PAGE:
Although the majority of the procedures on this list are beyond your control, there are several actions you can do to expedite the process. Consider preparing and signing a release form ahead of schedule if you think a settlement is near. This way, it will be available instantly once you sign an agreement. While the release form is being processed, cooperate with your lawyer to make a list of your pending liens and expenses, record existing bank account assets, and gather recent bank records so your lawyer can cover them as quickly as the check comes.

After all else, answer your lawyer’s demands promptly, keeping in mind that waiting until the following day to answer their email or mobile calls may lead your settlement check to be delayed.

If you require the money of the settlement check while it is still ongoing, speak with your lawyer about collecting a part of the settlement payment in advance. Although not all law firms are able to pay the advance of a portion of a settlement check, and lawyers are under no responsibility to do so, it’s a thoughtful gesture that really can assist you to get by while the accused executes the release form or your lawyer deals with Medicare to settle remaining healthcare bills.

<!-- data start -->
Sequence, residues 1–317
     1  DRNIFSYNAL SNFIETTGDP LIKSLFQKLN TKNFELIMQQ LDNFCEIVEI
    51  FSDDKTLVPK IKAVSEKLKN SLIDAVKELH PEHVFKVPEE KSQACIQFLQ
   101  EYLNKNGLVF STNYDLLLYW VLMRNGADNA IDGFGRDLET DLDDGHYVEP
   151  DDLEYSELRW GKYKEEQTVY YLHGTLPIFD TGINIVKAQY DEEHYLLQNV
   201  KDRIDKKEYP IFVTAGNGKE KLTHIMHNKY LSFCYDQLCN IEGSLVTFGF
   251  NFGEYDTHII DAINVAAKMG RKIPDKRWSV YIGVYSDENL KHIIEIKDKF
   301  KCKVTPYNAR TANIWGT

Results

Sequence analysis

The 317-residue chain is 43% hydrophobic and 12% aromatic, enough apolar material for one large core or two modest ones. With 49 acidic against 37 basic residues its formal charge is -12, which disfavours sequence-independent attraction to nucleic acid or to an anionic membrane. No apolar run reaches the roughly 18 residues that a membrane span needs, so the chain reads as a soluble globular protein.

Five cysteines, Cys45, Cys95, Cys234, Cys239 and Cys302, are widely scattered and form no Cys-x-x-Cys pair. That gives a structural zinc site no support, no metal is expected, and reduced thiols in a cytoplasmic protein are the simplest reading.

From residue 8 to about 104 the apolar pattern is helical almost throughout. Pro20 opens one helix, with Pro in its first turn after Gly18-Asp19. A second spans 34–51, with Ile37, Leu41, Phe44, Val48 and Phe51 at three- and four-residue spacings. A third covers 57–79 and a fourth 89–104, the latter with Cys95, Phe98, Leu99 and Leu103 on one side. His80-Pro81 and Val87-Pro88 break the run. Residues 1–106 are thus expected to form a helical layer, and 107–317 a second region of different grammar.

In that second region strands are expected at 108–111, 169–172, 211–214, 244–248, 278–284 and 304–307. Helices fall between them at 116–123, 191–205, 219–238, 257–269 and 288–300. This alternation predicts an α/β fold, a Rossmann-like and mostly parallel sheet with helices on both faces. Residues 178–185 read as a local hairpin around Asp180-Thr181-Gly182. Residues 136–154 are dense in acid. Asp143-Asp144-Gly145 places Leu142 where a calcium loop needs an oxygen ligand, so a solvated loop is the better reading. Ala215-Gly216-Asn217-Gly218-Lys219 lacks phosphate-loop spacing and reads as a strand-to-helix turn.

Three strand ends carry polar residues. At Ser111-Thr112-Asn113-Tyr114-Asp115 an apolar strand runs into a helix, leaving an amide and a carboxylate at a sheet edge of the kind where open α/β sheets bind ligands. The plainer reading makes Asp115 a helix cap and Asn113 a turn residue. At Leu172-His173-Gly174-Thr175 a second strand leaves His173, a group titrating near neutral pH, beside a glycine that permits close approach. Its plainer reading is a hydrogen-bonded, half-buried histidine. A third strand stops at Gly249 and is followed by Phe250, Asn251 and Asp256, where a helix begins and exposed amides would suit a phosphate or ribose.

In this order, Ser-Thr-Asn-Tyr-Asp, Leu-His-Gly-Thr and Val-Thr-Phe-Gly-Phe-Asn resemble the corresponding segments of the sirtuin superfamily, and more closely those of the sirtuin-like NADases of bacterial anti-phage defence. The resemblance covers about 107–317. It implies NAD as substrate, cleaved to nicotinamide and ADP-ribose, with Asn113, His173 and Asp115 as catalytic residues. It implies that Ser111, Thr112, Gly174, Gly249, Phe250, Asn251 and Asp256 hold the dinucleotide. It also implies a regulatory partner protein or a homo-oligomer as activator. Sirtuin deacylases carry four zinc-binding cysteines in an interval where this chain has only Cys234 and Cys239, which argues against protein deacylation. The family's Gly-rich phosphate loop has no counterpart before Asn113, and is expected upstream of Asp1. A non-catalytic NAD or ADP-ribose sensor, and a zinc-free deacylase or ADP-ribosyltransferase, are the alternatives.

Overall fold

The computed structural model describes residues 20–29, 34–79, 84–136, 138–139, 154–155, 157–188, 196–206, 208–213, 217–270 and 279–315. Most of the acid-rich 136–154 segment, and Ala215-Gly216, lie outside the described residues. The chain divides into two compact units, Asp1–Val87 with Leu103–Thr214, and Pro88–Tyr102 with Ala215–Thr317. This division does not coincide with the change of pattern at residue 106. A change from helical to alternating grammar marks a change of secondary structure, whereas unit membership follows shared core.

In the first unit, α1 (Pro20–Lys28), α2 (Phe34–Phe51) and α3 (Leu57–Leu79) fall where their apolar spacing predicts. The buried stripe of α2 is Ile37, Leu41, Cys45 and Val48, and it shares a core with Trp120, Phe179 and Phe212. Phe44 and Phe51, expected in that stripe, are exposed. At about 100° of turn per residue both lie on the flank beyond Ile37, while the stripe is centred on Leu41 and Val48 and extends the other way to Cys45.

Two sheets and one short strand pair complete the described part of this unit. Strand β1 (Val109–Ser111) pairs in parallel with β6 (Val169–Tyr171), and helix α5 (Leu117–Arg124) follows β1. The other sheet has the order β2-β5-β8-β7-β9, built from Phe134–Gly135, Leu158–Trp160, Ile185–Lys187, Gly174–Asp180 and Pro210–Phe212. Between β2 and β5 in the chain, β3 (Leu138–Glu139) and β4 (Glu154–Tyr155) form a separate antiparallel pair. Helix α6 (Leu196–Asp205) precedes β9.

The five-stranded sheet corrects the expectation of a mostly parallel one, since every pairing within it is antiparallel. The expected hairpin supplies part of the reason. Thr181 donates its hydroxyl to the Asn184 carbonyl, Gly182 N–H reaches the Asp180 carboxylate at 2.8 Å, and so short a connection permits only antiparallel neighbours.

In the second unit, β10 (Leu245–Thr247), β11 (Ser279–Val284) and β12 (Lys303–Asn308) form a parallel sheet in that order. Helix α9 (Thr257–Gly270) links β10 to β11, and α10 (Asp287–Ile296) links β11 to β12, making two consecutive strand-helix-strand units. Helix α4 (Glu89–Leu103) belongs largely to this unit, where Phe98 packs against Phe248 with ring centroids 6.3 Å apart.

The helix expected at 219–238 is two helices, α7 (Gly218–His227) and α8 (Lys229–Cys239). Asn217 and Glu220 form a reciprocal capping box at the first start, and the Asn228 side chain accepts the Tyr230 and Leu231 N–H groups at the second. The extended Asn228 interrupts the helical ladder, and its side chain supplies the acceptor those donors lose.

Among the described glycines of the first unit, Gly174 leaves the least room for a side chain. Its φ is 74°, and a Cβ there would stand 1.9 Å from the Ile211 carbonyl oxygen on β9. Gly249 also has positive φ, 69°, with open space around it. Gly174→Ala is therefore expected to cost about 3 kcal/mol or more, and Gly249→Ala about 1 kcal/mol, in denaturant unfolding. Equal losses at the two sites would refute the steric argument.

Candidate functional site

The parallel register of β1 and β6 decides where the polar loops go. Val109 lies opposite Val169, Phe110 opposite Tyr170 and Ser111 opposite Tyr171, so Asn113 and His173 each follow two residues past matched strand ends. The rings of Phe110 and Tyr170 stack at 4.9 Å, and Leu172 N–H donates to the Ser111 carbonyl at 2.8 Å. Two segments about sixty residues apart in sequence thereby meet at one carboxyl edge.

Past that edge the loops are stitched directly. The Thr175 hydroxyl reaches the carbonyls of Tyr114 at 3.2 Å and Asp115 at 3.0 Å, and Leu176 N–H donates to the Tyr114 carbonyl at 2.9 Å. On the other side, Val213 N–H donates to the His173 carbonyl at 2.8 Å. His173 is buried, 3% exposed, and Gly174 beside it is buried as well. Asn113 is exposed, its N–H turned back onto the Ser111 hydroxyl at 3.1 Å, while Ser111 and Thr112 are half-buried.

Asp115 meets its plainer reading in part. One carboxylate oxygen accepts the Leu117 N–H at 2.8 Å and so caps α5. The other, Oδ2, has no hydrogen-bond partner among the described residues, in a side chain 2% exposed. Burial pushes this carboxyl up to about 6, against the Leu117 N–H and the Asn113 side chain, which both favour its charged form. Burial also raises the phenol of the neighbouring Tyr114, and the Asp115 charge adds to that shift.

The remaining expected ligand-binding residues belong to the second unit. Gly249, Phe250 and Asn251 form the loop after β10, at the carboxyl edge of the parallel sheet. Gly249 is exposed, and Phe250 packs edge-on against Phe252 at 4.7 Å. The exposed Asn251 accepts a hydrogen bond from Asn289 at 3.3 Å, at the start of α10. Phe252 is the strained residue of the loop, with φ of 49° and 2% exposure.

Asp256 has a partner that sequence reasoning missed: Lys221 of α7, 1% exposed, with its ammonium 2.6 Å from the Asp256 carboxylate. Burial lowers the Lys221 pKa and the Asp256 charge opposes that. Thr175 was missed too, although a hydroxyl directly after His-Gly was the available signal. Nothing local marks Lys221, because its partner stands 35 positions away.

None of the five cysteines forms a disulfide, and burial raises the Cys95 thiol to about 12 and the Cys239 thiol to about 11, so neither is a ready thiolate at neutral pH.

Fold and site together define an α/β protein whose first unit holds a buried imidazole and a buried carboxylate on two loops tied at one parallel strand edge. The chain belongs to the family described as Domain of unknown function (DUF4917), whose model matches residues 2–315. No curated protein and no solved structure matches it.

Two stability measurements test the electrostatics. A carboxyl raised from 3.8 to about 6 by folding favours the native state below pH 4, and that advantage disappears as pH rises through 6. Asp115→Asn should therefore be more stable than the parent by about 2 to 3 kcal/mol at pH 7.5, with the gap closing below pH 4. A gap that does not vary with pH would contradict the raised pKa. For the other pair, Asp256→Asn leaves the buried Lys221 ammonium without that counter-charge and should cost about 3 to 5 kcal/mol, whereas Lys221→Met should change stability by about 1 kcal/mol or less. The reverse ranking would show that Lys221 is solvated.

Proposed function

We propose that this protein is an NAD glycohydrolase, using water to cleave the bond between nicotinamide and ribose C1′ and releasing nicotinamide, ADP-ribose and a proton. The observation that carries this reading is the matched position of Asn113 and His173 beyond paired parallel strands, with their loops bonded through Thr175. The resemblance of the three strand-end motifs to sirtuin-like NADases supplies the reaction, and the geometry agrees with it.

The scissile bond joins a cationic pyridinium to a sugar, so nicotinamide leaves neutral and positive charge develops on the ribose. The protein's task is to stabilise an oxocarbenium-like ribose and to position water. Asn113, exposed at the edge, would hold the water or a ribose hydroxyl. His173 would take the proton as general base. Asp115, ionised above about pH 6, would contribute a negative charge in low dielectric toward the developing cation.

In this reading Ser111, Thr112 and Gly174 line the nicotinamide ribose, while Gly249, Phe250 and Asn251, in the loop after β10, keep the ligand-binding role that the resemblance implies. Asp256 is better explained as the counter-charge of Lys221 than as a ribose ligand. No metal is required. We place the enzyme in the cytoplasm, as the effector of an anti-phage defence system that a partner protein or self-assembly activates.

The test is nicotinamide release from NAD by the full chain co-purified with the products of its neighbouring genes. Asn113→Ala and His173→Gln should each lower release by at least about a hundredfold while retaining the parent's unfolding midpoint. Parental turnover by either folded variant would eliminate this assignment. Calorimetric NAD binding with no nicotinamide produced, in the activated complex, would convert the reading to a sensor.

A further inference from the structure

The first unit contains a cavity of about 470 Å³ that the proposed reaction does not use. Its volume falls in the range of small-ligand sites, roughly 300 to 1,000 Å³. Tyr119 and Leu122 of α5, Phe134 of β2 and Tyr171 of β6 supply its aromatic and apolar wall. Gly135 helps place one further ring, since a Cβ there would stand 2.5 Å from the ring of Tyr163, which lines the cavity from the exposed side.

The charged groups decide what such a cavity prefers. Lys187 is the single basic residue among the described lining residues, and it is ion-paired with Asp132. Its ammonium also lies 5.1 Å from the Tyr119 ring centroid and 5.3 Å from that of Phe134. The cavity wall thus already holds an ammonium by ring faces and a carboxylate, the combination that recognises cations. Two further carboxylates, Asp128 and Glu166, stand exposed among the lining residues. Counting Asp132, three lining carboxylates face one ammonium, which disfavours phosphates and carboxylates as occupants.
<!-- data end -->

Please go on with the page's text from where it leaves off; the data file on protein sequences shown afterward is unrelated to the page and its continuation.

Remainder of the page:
Is it necessary to receive a settlement advance?

If you really need money right away, you may take out a loan against your outstanding settlement. Consider contacting a Funding agency for lawsuit financing. 

A litigation loan, also known as pre-settlement financing, is a financial advance that a defendant receives in return for a share of their paycheck. A lawsuit loan, unlike a conventional loan, does not require a credit check or evidence of earnings. Rather, we evaluate candidates based on the quality of their arguments. Above all, our loans are risk-free, which means you don’t have to pay us back until you win your case.

Give one of our professionals a call now or submit an application for a free consultation if you really need to pay bills or other costs of living and can’t wait for your settlement payment.

Depending on your case, your attorney may have advised you to not pay associated medical bills during negotiations. You have an obligation to pay these as soon as the case settles, and your attorney will use settlement proceeds to settle any outstanding liens as soon as the check clears.